The United States Supreme Court’s verdict in favour of Students for Fair Admissions has triggered a seismic shift in the landscape of higher education.
The crux of the students’ case centred on the contentious practice of using race as a factor in university admissions. Asian students argued that they were being discriminated against — denied entry to highly-coveted universities — solely because of their ethnic background. At the same time, the universities were giving admission preferences to other students, mainly black but also Hispanic.
By siding with the Asian students, the Supreme Court has made it clear that ethnicity and race (mere accidents of birth) should not determine one’s opportunities. The capability, drive, and character of applicants are what counts, not the language they speak, the religion they follow or the colour of their skin. Not surprisingly, the ruling whipped up a storm of controversy. The same thing happened some years ago when I led a review of university admissions in England. My review also recommended that every applicant be treated as an individual, not a representative of a racial, ethnic, or other group. Then, as now, critics feared that ignoring race would make it difficult to extend higher education to disadvantaged students.
In both cases, the critics missed the point. Giving every applicant an equal opportunity to compete for admission is not a setback but a leap forward in the pursuit of an equitable society. It reaffirms the virtue of meritocracy and the core principle of equality under the law — a common law value also shared by Australia and outlined in my new paper, In Defence of Meritocracy.
The critics of the Court are misguided because they conflate the pursuit of a diverse student body with fair equality of opportunity. They are not the same thing. Diversity is a worthy goal. University students do not just absorb facts from lecturers; they also learn from other students. A multicultural student body enriches higher education by exposing students to different cultures and customs. It also teaches them the value of acceptance, tolerance, and inclusion. These lessons are just as crucial to the health of our society as anything undergraduates learn in the lecture theatre.
The Supreme Court agrees. Its decision does not mean the end of campus diversity. Universities can still use outreach programs, scholarships, mentors, and support services to attract, retain, and encourage students from various backgrounds. They can also focus on recruiting economically deprived students, whose potential for higher education is often underestimated. What universities cannot do is discriminate on the basis of racial or ethnic identity.
The court ruling provides a significant opportunity for reflection in other countries. It invites us to reconsider whether our social policies foster fairness and equal opportunity. For example, all Australian universities have special entry programs for members of underrepresented groups, particularly indigenous Aboriginal and Torres Strait Islander students. These programs have not been controversial because, unlike what happened to Asian students in America, our universities have not excluded students from one group to make room for students from another. Instead, they have expanded to accommodate more applicants. However, there are some courses, such as medicine, where expansion is restricted, and great care is required to ensure that entry criteria do not unfairly favour one social group over another.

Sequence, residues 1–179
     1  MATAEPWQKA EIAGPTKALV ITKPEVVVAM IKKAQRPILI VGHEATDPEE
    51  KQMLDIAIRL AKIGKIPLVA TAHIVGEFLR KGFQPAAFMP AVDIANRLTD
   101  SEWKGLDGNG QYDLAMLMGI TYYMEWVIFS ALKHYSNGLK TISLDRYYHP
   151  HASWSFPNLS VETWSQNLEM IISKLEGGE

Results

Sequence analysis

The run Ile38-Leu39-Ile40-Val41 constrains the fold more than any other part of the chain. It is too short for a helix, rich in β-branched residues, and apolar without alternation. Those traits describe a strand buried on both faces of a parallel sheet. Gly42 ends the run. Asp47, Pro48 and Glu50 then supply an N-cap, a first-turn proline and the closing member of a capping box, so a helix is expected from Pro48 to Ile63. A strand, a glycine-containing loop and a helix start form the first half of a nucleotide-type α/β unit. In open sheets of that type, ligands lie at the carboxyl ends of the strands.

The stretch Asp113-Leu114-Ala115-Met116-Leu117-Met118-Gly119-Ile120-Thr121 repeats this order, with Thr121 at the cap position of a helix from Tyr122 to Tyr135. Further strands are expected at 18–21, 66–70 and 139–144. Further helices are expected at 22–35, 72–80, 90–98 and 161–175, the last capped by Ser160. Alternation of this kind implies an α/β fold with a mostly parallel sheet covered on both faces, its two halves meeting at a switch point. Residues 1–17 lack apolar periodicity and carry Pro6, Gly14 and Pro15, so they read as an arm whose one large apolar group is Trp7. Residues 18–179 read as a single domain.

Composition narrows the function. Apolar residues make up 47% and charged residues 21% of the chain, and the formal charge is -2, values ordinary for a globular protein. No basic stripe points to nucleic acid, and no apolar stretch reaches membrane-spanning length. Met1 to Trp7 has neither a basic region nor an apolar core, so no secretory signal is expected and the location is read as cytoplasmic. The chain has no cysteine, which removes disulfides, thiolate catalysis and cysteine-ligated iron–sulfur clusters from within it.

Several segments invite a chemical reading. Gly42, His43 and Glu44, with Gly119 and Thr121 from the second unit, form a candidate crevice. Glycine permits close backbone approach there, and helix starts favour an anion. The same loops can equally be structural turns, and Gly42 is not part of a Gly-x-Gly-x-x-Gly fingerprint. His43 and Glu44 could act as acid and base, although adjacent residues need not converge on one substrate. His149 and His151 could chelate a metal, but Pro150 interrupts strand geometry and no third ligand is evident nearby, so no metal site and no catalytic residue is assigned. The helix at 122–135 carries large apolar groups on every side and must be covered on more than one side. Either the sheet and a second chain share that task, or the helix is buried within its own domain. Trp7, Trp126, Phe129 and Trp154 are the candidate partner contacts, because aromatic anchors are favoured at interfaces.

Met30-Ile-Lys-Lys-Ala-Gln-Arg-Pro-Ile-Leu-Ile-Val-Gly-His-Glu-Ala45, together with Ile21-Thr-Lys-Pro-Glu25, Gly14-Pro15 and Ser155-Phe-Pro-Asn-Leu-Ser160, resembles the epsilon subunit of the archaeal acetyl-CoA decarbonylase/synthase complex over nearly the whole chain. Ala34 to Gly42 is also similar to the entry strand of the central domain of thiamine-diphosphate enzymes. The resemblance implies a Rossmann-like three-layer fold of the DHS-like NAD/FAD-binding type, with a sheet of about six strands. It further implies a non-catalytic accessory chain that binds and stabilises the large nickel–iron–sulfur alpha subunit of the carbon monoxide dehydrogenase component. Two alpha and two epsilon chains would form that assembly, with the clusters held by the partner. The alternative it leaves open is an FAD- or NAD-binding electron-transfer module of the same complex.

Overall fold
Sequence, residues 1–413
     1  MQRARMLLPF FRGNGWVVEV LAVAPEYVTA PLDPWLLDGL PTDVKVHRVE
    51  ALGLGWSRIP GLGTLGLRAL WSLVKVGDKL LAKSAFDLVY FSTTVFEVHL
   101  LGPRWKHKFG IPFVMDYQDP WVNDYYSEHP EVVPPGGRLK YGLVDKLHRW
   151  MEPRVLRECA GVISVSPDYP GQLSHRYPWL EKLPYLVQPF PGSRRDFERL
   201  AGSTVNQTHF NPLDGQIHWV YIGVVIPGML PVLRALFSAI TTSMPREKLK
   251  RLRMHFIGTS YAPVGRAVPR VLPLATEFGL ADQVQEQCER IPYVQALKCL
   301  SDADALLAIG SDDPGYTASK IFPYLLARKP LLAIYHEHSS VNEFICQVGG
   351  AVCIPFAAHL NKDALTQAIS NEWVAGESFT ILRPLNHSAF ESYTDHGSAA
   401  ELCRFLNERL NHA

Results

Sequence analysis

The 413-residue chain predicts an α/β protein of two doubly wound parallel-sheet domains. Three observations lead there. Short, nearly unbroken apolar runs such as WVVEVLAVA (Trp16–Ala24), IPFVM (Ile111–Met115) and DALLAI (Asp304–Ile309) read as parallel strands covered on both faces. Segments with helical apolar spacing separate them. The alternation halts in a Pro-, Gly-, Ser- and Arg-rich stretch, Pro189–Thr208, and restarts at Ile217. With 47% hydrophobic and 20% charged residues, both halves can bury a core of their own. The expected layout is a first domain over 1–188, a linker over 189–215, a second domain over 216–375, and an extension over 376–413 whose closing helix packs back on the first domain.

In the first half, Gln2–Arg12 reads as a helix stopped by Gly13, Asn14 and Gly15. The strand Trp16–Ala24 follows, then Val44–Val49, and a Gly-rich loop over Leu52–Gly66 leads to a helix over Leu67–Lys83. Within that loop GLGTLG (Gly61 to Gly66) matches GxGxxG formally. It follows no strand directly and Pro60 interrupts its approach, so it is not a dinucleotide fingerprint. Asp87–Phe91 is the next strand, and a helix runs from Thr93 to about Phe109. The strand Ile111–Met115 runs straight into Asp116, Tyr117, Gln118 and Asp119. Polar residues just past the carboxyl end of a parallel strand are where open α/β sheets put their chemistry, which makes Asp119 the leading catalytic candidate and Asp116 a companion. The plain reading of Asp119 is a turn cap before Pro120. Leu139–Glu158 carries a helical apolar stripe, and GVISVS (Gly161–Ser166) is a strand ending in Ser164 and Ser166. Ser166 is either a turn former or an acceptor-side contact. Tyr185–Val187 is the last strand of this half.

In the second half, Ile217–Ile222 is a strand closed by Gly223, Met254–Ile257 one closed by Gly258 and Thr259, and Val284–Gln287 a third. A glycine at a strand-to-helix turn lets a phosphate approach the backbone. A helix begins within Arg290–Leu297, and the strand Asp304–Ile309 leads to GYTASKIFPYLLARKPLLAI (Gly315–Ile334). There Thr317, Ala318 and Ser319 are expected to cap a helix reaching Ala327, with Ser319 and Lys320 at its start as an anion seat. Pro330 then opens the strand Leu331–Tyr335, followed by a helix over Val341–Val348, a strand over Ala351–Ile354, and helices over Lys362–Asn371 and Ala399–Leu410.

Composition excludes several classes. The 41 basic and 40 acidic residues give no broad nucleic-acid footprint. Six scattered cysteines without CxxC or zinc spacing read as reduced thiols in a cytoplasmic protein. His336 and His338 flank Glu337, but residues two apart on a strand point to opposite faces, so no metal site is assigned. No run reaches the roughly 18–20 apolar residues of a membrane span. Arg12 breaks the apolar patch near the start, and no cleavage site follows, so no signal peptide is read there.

We must also look closely at everyday student life. As someone who grew up in the USA during the segregation era, I cringe when I hear that universities are developing student housing reserved for a particular race. The benefit of campus diversity is its ability to teach students how to get on together in a multiracial society. Creating racial enclaves negates this opportunity. It is the exact opposite of what universities should be doing. Integration, not segregation, should be their goal.
Critics of my earlier report and the recent Supreme Court decision claim that discrimination in favour of some groups is a remedial measure for historical injustices. In Australia, proponents have made similar arguments in favour of a proposed Indigenous “Voice” to Parliament. Although the details remain opaque, the primary intention of the Voice proposal is to provide recognition, respect, and representation for historically marginalised indigenous people.
These are certainly noble goals, but we must ensure that the Voice serves to provide fair equality of opportunity to all marginalised people and does not morph into an arena for race-based preferences. The challenge lies in striking a delicate balance between the principles of meritocracy and restorative justice. Horace Mann, the great abolitionist who fought against the slave trade, called education the great equaliser; it would be a tragic irony to condone the unequal treatment of different groups to achieve it.
In his stirring speech on the steps of Washington’s Lincoln Memorial in 1963, Rev Martin Luther King Jr presented a vision of equality that embodied the egalitarian ideal. He implored his fellow citizens not to judge people by the colour of their skin but by the contents of their character. King believed that justice isn’t about engineering certain preferred outcomes but ensuring fair equality of opportunities.
It is moral and right to fight against racial biases and work towards a truly egalitarian society. Still, for the good of our country, of all countries, we must avoid the temptation to institutionalise identity-based preferences in universities, employment, and government. Our goal should be a society in which individuals are not mere representatives of racial or ethnic groups but unique, capable, and contributing individuals.